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Metals slide as trade war concerns continue to spook investors


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Metals slide as trade war concerns continue to spook investors

Prospects of a looming trade war between the U.S. and other major economies continued to be a concern for global investors last week after President Donald Trump flagged the potential of higher levies on European cars as well as a US$30 billion China import tariff.

The narrative between Trump and those countries targeted by U.S. import tariffs on steel and aluminum sharpened in recent days, fueling fears that the tensions could harm global economic growth prospects.

Domestically, the president ramped up his opposition to the U.S. Department of Justice's Robert Mueller-led investigation into Russian election meddling while also letting go of Secretary of State Rex Tillerson, who had gradually fallen out of favor with Trump.

Price ring

Base metals largely took a hit, recording a slump of between 0.7% and 1.7%.

Aluminum and copper both lost less than 1%, finishing the week at US$2,063/tonne and US$6,888/t, respectively. Nickel and zinc plummeted 1.7% and 1.3%, respectively, to US$13,576/t and US$3,233/t.

Lead was the only base metal that held up, recording a 1.8% gain to US$2,395/t.

Iron ore remained widely flat at US$67.80/t, trailing about 23% behind levels seen 12 months ago.

Precious metals also lost momentum. Gold was down 0.8% to US$1,314/oz over the week, while silver slowed 1.7% to US$16.30/oz by closing March 16.

Talking points

As mining companies gathered in the Democratic Republic of the Congo last week to engage with the government on its new mining code, analysts were still trying to digest what impact the new rules will have on producers.

The new code was signed into law following a March 7 meeting between President Joseph Kabila and representatives from major mining companies operating in the DRC. During the meeting, Kabila assured that the questions raised by the industry "would be resolved through transitional arrangements, mining regulations and agreements and guarantees that need to be considered after the new code was signed into law," according to a statement by major producers including Randgold Resources Ltd., Glencore PLC and Ivanhoe Mines Ltd.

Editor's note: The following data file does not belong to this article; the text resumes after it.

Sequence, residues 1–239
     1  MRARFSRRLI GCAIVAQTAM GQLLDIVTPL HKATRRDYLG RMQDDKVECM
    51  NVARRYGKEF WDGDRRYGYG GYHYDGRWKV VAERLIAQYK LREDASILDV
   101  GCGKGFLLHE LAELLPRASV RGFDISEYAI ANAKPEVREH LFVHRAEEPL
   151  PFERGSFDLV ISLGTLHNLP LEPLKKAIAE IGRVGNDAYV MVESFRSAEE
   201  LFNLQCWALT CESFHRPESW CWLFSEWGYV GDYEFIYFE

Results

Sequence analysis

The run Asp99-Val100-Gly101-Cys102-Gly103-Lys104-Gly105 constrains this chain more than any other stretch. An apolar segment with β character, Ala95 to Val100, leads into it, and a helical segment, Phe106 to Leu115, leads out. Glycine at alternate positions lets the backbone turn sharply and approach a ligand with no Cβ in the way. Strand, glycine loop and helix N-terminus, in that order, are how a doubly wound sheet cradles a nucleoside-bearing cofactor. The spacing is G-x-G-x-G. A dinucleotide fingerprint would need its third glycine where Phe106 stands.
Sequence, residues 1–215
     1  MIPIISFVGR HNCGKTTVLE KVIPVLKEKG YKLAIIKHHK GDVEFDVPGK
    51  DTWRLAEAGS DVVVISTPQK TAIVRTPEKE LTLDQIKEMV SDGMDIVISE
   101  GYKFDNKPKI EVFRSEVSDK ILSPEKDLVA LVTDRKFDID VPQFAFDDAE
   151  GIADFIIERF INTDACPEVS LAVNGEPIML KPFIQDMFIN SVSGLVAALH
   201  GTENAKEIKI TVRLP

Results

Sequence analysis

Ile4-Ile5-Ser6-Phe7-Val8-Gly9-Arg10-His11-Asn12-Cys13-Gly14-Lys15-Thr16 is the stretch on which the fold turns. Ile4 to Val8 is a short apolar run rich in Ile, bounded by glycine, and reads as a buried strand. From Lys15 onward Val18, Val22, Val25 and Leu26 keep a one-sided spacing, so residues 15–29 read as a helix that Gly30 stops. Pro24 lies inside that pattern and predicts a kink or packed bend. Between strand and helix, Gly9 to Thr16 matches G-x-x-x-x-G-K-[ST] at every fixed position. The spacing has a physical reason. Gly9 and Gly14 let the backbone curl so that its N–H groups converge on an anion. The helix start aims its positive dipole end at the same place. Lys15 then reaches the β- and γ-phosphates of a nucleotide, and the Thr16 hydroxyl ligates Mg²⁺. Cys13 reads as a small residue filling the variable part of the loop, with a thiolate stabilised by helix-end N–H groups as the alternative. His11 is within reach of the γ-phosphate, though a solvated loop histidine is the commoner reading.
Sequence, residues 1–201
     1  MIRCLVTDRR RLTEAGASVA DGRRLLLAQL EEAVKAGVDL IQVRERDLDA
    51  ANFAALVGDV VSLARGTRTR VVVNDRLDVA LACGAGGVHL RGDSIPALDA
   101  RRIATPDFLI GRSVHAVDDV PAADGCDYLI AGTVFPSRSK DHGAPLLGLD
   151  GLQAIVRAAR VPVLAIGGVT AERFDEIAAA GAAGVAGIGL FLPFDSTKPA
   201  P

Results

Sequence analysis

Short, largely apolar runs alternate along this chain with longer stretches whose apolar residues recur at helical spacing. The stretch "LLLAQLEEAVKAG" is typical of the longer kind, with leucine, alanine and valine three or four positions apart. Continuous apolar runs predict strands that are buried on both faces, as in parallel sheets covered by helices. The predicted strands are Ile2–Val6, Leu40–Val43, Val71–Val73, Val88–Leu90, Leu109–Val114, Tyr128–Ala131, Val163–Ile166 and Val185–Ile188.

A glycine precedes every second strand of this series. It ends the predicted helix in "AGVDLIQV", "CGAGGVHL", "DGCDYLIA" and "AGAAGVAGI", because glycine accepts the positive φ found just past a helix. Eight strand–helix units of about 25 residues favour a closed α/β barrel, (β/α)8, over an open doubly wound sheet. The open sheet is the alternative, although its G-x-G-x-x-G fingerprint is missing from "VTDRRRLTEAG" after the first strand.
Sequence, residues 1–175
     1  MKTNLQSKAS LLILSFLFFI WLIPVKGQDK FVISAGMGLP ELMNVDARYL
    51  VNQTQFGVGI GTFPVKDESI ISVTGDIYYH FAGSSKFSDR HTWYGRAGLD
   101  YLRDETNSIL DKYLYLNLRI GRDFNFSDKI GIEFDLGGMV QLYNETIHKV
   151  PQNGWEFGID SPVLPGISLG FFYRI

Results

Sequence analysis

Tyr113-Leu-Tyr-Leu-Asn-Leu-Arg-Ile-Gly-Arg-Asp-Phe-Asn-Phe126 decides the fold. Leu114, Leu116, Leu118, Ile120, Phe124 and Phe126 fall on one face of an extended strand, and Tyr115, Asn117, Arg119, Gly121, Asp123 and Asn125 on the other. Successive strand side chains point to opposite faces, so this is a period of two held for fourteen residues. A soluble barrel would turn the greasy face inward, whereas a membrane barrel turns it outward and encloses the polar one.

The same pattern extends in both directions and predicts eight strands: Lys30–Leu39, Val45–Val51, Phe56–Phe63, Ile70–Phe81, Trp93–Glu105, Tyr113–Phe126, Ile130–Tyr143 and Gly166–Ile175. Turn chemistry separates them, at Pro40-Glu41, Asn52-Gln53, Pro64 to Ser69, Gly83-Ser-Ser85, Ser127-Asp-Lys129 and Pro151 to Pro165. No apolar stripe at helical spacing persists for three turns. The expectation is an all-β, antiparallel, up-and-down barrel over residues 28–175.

"The potential impact from the Democratic Republic of Congo's recent change in Mining Code is starting to become public in what remains a very unclear situation," RBC Capital Markets analyst Tyler Broda said March 15. "To add to the uncertainty, the mining companies have responded by sending a working group to discuss with the ministry the potential for other royalty or tax changes, but they still expect the application of a 10-year tax stability clause, which was the companies' right prior to the mining code changes. We therefore expect there will be some higher form of taxes, although it is too early to judge precisely."

Additionally, there was confusion around reports that copper will be classified as a strategic mineral and subjected to a higher royalty rate of 10% compared to the current 3.5%. Previously, only cobalt was mentioned in relation to this clause.

"On a longer-term basis, Congo pushing this mining code through, especially if it contravenes stability agreements, is only likely to serve to keep capital away, which could see global copper and cobalt supplies even tighter, leading to higher prices, which in Glencore's situation of circa 1.4 million tonnes of copper production would benefit," Broda said. "This will likely see at least a short-term increase in risk aversion around the shares. We would use any material weakness as a buying opportunity."


Bigger financing deals last week included the pricing of U.S. Steel Corp.'s US$650 million debt offering. The company priced its US$650 million aggregate principal amount of 6.250% senior notes due 2026 at 100% of their face value. The proceeds will be used to fund a cash tender offer for the redemption of the company's outstanding US$780 million of 8.375% senior secured notes due 2021. The offer is expected to expire March 20.

Teranga Gold Corp. secured a finance facility of up to US$200 million from Taurus Funds Management Pty. Ltd. to develop the Wahgnion gold property in Burkina Faso, repay debt and fund a feasibility study on another project in Burkina Faso. Alongside interest payments, Teranga will, in return, enter into an off-take agreement for 1.1 million ounces of gold from Wahgnion.

Canadian coal miner Riversdale Resources Ltd. is said to be preparing a listing on the ASX that could raise proceeds of up to A$132.7 million. A term sheet sent to investors priced shares at between A$1.60 and A$2.00 apiece, valuing the company at up to A$532.4 million. Resource Capital Fund, one of Riversdale's existing shareholders, committed to take up A$15 million in new shares.